As had been anticipated, President Donald Trump today signed an executive order instructing Secretary of the Department of the Treasury to formulate a plan for rolling back – or perhaps even repealing – the Dodd-Frank Wall Street Reform Act.
President Trump signed the order with White House National Economic Council Director Gary Cohn and House Financial Services Committee Chairman Rep. Jeb Hensarling, R-Texas, by his side.
The measure is the first step in Trump’s plan to do whatever he can, administratively, to roll back Dodd-Frank without necessarily having to run the changes through Congress.
Prior to signing the order, Trump held a meeting with small business owners during which he promised to do “a big number” on the Dodd-Frank Act, the signature piece of legislation drafted in response to the 2008 financial crisis and subsequent housing meltdown. He said the law, which took effect in 2010, had damaged the country’s “entrepreneurial spirit” and limited access to credit.
“Regulation has actually been horrible for big business, but it’s been worse for small business,” the president said during the meeting with small business owners. “Dodd-Frank is a disaster.”
“We’re signing new rules for regulating the U.S. financial system,” Trump later declared as he signed the order, as per a Bloomberg News report. “It doesn’t get much bigger than that, right?”
The details of the executive order are not yet public, so, it is still too soon to say which parts of the Dodd-Frank Act could be repealed. A major looming question for the mortgage industry, however, is whether the order will result in the dismantling of the Consumer Financial Protection Bureau (CFPB) – or a significant curtailing of its powers. The order could also result in the creation of a new leadership structure for the CFPB – moving it from its current single leader structure to a committee-led structure – and could also call for congressional oversight of the bureau’s budget and spending.
A senior White House official, speaking on the condition of anonymity, told the press earlier today that “Some of the rules [enacted under Dodd-Frank] may have even been unconstitutional, creating new agencies that don’t actually protect consumers” – an obvious reference to the CFPB and it single leadership structure. However, some people close to the situation have said that it is more likely that the administration will keep the CFPB intact.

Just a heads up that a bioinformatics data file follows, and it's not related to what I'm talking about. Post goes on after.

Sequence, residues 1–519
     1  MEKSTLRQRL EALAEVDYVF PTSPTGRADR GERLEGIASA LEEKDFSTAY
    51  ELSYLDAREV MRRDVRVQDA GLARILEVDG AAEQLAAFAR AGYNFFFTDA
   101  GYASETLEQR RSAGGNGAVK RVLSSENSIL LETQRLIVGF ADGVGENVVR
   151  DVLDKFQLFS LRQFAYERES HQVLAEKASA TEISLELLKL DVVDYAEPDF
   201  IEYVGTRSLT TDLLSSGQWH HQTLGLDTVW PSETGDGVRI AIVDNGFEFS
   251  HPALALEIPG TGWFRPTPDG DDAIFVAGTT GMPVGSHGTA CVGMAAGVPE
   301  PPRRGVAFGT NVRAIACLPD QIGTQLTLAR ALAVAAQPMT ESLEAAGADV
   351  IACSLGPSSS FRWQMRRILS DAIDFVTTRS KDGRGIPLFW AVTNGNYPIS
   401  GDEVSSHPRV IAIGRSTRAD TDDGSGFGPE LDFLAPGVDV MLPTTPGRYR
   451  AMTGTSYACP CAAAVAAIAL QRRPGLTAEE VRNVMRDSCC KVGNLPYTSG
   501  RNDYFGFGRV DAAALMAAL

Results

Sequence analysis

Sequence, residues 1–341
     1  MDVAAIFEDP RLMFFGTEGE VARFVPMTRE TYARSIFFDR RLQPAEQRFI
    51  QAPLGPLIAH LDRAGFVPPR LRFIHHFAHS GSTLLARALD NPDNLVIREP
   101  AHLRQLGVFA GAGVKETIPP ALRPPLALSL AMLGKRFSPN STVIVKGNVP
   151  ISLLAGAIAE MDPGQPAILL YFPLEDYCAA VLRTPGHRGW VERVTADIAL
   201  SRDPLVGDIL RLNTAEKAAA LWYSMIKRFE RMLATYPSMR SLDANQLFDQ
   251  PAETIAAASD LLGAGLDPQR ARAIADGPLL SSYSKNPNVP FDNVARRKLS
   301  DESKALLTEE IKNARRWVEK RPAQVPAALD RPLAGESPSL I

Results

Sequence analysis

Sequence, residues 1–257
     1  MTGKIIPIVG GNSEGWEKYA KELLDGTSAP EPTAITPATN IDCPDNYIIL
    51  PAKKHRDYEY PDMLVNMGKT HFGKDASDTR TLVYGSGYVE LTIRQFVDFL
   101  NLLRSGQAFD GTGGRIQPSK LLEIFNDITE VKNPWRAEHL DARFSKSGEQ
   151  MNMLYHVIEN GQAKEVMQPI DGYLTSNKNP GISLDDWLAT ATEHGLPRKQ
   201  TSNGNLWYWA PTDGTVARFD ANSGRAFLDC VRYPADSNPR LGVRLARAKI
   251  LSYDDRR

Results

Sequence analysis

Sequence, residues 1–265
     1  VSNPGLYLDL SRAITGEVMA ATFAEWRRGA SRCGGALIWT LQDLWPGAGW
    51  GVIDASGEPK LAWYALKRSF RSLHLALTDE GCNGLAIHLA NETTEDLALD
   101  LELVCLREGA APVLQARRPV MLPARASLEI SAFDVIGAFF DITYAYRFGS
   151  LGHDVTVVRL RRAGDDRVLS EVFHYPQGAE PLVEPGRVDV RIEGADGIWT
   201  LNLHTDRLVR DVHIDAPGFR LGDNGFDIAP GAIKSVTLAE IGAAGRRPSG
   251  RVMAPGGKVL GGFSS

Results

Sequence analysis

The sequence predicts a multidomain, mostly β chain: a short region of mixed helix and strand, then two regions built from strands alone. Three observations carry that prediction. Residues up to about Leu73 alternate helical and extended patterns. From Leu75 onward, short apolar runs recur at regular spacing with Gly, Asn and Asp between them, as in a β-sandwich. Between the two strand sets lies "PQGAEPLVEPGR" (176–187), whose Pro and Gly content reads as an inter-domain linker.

Hensarling released a statement on Friday saying that much of the order “mirrors” the Financial CHOICE Act, a Republican-backed bill which he helped draft that would repeal and replace Dodd-Frank.
“I’m very pleased that President Trump signed this executive action, which closely mirrors provisions that are found in the Financial CHOICE Act to end Wall Street bailouts, end ‘too big to fail,’ and end top-down regulations that make it harder for our economy to grow and for hardworking Americans to achieve financial independence,” Hensarling says in the statement.
“When Dodd-Frank was passed, Americans were promised a healthier economy, an end to bailouts and better consumer protections,” Hensarling adds. “Instead, we have the weakest recovery in history, a guarantee of more Wall Street bailouts, and consumer costs have gone up while their choices have gone down. Today the big banks are bigger and the small banks are fewer. Everything from mortgages to credit cards to monthly checking fees costs more because of Dodd-Frank’s red tape, if consumers can even get access to them.”
“Dodd-Frank failed to keep its promises, but President Trump is following through on his promise to the American people to dismantle Dodd-Frank,” Hensarling concludes. “That’s not what Wall Street wants, but it is what hardworking Americans need to have a healthy economy with more opportunities so they can achieve financial independence. Republicans are eager to work with the president to end and replace the Dodd-Frank mistake with legislation that holds Wall Street and Washington accountable, ends taxpayer-funded bailouts forever, and unleashes America’s economic potential.”